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dc.contributor.authorMcManus, David D.
dc.contributor.authorKiefe, Catarina I.
dc.contributor.authorLessard, Darleen M.
dc.contributor.authorMarino, Francesca
dc.contributor.authorGoldberg, Robert J.
dc.contributor.authorGurwitz, Jerry H.
dc.contributor.authorWang, Weijia
dc.contributor.authorBarton, Bruce A.
dc.date2022-08-11T08:10:36.000
dc.date.accessioned2022-08-23T17:13:59Z
dc.date.available2022-08-23T17:13:59Z
dc.date.issued2019-10-30
dc.date.submitted2020-01-22
dc.identifier.citation<p>Front Cardiovasc Med. 2019 Oct 30;6:155. doi: 10.3389/fcvm.2019.00155. eCollection 2019. <a href="https://doi.org/10.3389/fcvm.2019.00155">Link to article on publisher's site</a></p>
dc.identifier.issn2297-055X (Linking)
dc.identifier.doi10.3389/fcvm.2019.00155
dc.identifier.pmid31737647
dc.identifier.urihttp://hdl.handle.net/20.500.14038/46854
dc.description<p>Full author list omitted for brevity. For the full list of authors, see article.</p>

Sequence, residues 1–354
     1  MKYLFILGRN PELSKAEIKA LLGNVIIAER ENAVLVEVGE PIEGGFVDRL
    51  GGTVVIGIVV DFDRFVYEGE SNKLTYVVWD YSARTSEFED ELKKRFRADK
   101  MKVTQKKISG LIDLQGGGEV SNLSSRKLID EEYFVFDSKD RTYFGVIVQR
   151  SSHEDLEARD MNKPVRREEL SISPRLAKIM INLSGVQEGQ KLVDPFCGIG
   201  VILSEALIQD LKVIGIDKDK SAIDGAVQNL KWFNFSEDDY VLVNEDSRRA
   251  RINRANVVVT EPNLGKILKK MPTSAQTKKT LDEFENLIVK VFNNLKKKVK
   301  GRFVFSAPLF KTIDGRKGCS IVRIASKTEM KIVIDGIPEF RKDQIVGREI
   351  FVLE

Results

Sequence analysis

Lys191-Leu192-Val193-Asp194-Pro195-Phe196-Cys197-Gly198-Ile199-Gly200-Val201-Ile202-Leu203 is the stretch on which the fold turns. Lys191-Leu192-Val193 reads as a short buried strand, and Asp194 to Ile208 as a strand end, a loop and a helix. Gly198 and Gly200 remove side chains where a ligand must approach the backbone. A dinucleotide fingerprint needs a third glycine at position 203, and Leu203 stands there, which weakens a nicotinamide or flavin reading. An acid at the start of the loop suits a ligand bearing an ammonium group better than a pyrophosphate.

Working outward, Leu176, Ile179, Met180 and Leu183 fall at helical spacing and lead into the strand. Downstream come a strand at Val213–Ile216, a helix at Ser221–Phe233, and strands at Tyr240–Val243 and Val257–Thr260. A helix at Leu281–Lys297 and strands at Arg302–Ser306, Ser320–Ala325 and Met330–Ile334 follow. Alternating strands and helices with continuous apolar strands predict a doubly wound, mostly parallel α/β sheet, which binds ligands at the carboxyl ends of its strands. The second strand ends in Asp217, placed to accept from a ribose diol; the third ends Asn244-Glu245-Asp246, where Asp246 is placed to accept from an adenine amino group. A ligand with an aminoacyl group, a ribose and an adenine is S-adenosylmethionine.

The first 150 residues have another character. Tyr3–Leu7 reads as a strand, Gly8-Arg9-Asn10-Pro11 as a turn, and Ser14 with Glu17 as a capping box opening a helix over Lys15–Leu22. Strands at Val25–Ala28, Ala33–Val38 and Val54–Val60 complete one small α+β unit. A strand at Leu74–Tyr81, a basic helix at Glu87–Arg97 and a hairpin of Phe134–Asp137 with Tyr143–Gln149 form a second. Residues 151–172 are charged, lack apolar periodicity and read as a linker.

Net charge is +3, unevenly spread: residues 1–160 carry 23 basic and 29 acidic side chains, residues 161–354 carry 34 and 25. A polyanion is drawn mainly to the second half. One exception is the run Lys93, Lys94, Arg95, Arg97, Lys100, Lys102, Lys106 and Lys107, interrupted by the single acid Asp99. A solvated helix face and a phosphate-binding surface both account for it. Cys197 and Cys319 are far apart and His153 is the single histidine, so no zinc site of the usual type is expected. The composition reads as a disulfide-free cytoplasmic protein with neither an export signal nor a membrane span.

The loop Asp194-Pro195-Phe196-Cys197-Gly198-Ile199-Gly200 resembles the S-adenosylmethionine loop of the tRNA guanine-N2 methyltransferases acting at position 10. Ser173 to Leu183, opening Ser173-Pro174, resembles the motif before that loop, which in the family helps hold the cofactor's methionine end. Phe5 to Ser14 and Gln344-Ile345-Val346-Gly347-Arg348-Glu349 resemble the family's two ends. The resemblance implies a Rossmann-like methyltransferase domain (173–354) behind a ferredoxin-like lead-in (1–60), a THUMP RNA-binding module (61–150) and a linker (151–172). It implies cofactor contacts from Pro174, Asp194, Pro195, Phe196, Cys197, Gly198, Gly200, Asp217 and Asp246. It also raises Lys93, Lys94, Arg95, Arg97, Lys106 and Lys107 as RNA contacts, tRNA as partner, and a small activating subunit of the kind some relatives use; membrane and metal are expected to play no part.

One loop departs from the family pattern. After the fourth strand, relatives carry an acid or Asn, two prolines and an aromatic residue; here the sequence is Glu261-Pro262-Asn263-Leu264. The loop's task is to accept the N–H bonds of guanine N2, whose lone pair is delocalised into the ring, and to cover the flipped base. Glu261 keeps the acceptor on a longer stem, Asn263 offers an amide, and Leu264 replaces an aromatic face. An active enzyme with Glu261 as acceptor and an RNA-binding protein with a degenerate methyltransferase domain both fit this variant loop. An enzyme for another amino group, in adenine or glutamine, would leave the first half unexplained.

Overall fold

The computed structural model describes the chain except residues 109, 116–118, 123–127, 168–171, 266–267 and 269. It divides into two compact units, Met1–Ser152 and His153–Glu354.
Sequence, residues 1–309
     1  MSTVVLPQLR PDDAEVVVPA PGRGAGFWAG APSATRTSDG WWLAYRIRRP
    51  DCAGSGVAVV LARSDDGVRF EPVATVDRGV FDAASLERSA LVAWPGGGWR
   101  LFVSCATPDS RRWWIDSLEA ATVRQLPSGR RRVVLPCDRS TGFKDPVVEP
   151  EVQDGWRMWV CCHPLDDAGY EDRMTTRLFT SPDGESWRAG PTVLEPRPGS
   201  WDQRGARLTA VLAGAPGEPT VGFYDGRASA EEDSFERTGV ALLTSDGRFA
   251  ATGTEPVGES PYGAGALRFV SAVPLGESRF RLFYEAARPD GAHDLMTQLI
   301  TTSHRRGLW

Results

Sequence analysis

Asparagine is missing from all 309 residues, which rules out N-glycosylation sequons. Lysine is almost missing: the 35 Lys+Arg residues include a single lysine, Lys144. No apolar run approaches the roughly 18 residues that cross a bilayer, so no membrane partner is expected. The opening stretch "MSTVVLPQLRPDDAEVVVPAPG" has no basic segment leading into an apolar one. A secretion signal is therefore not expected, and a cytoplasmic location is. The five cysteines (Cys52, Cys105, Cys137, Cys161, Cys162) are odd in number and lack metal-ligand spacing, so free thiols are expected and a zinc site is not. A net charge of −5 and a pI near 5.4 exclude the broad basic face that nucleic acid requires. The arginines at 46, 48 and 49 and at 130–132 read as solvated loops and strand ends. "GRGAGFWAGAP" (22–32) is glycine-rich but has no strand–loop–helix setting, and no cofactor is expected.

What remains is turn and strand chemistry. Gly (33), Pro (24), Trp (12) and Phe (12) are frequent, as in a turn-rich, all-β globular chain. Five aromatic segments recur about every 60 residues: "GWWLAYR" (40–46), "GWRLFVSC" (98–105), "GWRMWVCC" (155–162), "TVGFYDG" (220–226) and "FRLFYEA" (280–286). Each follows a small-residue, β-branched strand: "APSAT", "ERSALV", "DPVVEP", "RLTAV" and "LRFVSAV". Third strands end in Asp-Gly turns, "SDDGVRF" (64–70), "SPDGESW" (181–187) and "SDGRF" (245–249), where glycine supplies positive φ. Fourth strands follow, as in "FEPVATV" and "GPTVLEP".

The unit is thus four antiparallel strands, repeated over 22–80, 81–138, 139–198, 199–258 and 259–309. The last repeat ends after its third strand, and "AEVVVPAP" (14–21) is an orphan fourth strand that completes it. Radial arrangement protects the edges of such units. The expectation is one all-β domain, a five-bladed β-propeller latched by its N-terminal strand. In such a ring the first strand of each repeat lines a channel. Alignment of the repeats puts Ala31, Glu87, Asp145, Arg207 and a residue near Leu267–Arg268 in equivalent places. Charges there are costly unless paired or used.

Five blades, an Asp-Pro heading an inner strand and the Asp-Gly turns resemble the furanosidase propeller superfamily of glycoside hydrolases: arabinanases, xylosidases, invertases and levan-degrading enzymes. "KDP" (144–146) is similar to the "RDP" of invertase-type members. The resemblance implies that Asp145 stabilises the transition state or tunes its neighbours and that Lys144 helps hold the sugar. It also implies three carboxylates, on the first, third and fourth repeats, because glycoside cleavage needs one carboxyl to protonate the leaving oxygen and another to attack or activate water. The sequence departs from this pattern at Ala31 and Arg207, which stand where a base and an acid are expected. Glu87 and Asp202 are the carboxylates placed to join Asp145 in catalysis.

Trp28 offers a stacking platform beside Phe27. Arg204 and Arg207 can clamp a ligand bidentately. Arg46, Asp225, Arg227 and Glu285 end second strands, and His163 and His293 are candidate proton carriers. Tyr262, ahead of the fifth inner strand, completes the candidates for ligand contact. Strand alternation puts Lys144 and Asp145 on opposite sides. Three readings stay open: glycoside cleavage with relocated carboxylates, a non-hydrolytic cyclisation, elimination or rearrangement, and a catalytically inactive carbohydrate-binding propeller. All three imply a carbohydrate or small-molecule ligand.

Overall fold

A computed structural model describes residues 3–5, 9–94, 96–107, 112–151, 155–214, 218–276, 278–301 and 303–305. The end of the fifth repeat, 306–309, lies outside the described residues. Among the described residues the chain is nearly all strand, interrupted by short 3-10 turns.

dc.description.abstractBackground: Geriatric conditions are common among patients with atrial fibrillation (AF) and relate to complications of oral anticoagulation (OAC). Objective: To examine the prevalence of geriatric conditions among older patients with AF on OAC and relate type of OAC to geriatric conditions. Methods: Participants had a diagnosis of AF, were aged > /=65 years, CHA2DS2VASC > /= 2, and had no OAC contraindications. Participants completed a 6-component geriatric assessment that included validated measures of frailty (CHS Frailty Scale), cognitive function (MoCA), social support (MOS), depressive symptoms (PHQ9), vision, and hearing. Type of OAC prescribed was documented in medical records. Results: 86% of participants were prescribed an OAC. These participants were on average aged 75.7 (SD: 7.1) years, 49% were women, two thirds were frail or pre-frail, and 44% received a DOAC. DOAC users were younger, had lower CHA2DS2VASC and HAS-BLED scores, and were less likely to be frail. In Massachusetts, pre-frailty was associated with a significantly lower odds of DOAC vs. VKA use (OR = 0.64, 95%CI 0.45, 0.91). Pre-frailty (OR = 0.33, 95%CI 0.18-0.59) and social isolation (OR = 0.38, 95%CI 0.14-0.99) were associated with lower odds of DOAC receipt in patients aged 75 years or older. Social isolation was associated with higher odds of DOAC use (OR = 2.13, 95%CI 1.05-4.29) in patients aged 65-74 years. Conclusions: Geriatric conditions were common and related to type of OAC prescribed, differentially by age group. Research is needed to evaluate whether a geriatric examination can be used clinically to better inform OAC decision-making in older patients with AF.